ÒEarnt by a jack knife and a whittling YankeeÓ
Camp near Potomac Creek VA
Wednesday, March 4, 1863
[letterhead of eagle with shield, red, white, and blue, print slightly off]
I am happy to let you know that these few lines will find me well again and on duty and may it please God that it may find you all at home enjoying the same blessing. This morning I have sent that great pipe home to you hoping it will reach you all right. It has been the work of my own hands and the pastime of many lonely hours of my soldierÕs life, and I think I have wiled them away advantioustly [sic]. There has been a great many made in this Regt., but all agree that mine is the best one that has been seen yet. I donÕt know but what I am foolish for not selling it for I have been offered 9 and 10 dollars for it time and time again. But I wanted you should see it. It has all been worked with nothing but a large jack knife. I can make a dozen more and sell them any time I have a mind to, to the Officers of this Regt. But I live in hopes of coming home some day and using that pipe yet myself, if they will only settle this foolish war.
I will send you 75 cents in this letter, Dear Clara, which has been earnt by a jack knife and a whittling Yankee, and that is what they call me so sometimes down here because I am a whittling something all the time. The stem of that pipe is the bushes of laurel root and the bowl is the root itself. I sent it by the Sergeant Major Mr. Wright. He is going home on furlough. I wish as soon as you get it you will write and let me know because I am anxious to know if you got it. Everybody was after it and I wouldnÕt be surprised if you never received it.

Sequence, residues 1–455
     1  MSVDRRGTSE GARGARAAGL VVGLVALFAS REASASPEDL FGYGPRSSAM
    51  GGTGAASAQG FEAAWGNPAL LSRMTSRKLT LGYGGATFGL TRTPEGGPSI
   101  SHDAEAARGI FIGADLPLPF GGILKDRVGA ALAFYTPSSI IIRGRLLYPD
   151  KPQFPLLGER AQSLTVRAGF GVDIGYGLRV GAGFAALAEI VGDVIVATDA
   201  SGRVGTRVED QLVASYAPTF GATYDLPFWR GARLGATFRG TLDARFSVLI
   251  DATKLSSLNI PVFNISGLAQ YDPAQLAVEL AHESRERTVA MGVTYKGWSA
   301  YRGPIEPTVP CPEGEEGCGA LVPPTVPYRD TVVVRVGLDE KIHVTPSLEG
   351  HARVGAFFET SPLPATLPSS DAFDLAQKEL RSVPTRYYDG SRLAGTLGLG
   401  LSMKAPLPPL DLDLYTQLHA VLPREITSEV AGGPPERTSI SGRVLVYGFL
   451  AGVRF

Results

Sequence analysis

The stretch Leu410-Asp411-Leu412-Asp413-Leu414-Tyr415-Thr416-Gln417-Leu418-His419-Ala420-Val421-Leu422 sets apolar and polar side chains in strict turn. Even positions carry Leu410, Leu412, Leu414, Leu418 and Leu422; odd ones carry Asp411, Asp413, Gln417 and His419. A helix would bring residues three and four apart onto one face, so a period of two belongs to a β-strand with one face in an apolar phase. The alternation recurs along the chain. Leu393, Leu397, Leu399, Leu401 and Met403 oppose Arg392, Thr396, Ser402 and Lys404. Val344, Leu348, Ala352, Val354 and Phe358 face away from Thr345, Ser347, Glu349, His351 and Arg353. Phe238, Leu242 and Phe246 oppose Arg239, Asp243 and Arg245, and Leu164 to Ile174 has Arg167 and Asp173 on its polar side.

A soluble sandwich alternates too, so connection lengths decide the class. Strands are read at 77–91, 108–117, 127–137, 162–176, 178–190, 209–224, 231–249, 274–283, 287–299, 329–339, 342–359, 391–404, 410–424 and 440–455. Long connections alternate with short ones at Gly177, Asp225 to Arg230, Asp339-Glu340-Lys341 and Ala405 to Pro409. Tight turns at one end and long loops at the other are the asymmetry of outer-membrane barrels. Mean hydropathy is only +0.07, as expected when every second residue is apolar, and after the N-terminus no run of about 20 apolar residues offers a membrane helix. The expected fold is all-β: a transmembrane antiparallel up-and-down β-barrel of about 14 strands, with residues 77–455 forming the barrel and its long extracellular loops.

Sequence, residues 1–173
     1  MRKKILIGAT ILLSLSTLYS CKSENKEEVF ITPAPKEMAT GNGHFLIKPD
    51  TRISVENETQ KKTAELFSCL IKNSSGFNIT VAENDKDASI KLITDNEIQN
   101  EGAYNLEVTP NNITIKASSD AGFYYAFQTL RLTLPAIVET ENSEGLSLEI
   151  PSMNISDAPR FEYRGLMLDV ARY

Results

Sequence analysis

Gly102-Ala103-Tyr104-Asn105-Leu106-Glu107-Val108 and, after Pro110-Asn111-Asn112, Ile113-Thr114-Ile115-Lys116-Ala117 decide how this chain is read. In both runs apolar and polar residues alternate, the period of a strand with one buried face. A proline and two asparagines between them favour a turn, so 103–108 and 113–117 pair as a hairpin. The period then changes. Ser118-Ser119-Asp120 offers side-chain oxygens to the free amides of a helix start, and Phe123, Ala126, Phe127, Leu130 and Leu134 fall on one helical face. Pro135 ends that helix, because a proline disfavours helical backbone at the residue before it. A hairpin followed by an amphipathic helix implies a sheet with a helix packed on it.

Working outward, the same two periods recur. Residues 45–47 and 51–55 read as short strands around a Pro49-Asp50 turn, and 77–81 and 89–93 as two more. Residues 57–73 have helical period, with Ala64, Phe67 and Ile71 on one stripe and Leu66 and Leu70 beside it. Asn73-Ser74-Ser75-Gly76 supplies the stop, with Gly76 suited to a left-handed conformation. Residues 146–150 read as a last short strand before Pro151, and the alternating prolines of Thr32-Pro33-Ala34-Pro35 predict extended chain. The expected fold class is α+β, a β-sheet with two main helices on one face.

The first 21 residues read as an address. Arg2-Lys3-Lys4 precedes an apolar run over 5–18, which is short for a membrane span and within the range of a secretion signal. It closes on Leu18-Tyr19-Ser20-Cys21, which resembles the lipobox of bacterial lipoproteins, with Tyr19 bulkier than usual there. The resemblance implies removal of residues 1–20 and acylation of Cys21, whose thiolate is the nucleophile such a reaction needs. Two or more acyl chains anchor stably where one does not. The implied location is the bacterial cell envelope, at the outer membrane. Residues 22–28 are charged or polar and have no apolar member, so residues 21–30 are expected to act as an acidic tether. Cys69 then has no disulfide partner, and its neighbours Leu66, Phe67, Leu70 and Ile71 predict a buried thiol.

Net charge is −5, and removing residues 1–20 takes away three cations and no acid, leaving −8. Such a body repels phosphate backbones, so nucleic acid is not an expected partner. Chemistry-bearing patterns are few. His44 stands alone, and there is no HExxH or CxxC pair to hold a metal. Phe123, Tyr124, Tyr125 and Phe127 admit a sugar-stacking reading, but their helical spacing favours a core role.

There is not much news here at present. All and everybody are anxious for peace and they donÕt care how quick it comes or in what shape. It rains almost every other day or snows and it is pretty cold. Dear Clara, if you have not sent them gloves yet, donÕt send them for I have got a good pair. There was a box sent to our Company from Camden. Mine came first rate for my old ones was all worn out.
I wish you to keep up your courage, hoping that we shall soon see each other again. Especially take care of your health, for if I hear that you or the little ones are sick I canÕt get it out of my head for a number of days.
And now I must close hoping that the giver of all good is watching over you and my blessed little lambs. Dearest Clara, kiss them often for me and tell them of their Pa who is far away and would gladly come home and kiss them if he could. But God wills it not yet, and now hoping to hear from you soon, I remain, your companion you [sic] fond and loving until Death,
Peter L Dumont
I will write soon again. Tom is well and on duty. Ed [Burbiege] has got a box and he is living high off of it. He tents with him.]